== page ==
A pill is a small ball of fibres that form on the face of a piece of fabric. It is caused by abrasion on the surface of the fabric, and is considered an unsightly occurrence on furniture.
What causes pilling?
Loose fibres have a natural tendency to move to the surface of a piece of fabric, where they are subject to friction, which causes them to twist together into small balls. Fibres that are still secured to the fabric are also twisted into the ball, so that the pill is secured to the surface of the material.
Friction is caused in the normal course of people using the furniture, rubbing against the surface of the fabric. Laundering also causes friction – washing machines agitate fabric, causing the surfaces to rub together.
Pilling is more noticeable on man-made fibres. This is mainly because natural fabrics shed loose fibres easily and less noticeably, while man-made fibres are notoriously strong, so the pills are anchored strongly to the fabric.
Should I send the fabric back?
It is important to note that pilling is not a fabric defect or fault, and is not covered under warranty. It can be compared to the shedding experienced when purchasing new carpet – think about the way carpet behaves when newly installed, as there are constantly new loose fibres coming to the surface over the first few months of use. This is completely normal and will reduce once the excess fibres are gone.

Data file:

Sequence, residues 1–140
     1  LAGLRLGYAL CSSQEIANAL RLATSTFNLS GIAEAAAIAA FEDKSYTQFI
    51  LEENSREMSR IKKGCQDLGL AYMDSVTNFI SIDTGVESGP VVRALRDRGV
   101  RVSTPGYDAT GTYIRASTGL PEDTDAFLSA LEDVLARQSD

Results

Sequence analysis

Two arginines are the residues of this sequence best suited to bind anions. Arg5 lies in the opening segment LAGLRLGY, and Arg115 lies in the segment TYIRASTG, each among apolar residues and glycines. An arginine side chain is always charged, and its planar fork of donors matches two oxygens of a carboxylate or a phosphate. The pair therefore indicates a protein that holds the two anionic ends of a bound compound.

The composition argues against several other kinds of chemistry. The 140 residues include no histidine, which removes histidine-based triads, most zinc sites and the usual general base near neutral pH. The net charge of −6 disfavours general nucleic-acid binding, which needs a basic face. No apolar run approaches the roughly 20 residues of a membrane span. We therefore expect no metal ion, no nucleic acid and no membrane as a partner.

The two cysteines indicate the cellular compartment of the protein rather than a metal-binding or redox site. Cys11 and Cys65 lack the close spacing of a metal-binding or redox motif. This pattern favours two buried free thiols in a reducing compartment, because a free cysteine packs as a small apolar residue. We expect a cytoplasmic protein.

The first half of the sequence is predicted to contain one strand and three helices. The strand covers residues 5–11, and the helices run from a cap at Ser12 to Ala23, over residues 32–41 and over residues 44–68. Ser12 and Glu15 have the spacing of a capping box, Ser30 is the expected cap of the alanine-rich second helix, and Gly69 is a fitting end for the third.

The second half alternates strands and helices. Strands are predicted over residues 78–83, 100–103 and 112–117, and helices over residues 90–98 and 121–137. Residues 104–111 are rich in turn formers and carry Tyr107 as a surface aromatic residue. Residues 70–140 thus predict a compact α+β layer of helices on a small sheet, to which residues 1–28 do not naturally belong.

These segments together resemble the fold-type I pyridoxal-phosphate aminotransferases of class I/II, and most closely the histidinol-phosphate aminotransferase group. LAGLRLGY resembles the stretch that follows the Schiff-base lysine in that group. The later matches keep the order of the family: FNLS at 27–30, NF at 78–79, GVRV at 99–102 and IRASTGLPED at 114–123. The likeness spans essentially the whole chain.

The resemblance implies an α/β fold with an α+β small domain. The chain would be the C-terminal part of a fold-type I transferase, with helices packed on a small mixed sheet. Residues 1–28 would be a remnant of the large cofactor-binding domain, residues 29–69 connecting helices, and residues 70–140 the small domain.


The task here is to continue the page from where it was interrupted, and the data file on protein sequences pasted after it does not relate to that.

Consumers are sometimes concerned that pilling means that the fabric is wearing away and disintegrating – this is not the case. Pilling is a normal occurrence caused by wear and tear, and does not affect the durability or functionality of the fabric. It is easily removable.
How do I remove pilling?
The quickest and most cost effective approach is to use a battery operated pill shaver to remedy the situation. These small, cheap appliances are available in most sewing stores, or the sewing area of large department stores. A pill comb is also effective, and performs the same task manually.
If pilling reoccurs, it can simply be shaved off again. This may occur several times, but the pilling will diminish and eventually cease once the excess fibres are removed.
Can I buy fabric that doesn’t pill?
Since all fabrics will pill to some extent, the possibility of it happening should not be a main concern when choosing an upholstery fabric.
However, there are fabrics that are less likely to pill. Some are treated or coated during the manufacturing process to adhere excess fibre to the surface of the fabric. Some are also put through a singeing process, which quickly burns the excess surface fibres away.
Above: Closeup of fabric before and after singeing (image by Osthoff-Senge)
Smooth, tightly woven fabrics and fabrics made from tightly twisted yarns are less likely to pill, because the fibres are held tightly in the cloth.
When a fabric is made from more than one fibre type, where one fibre is strong and one is weak (for example, polycotton) pilling will be more noticeable, because the weaker fibre wears and breaks, while the stronger fibre holds the pills to the cloth.
Ultimately, if you notice that your furniture is developing pills, don’t be alarmed. It is easily remedied and does not mean your furniture is made of poor quality fabric.
blog originally posted: https://www.charlesparsonsinteriors.com/blog/upholstery-pilling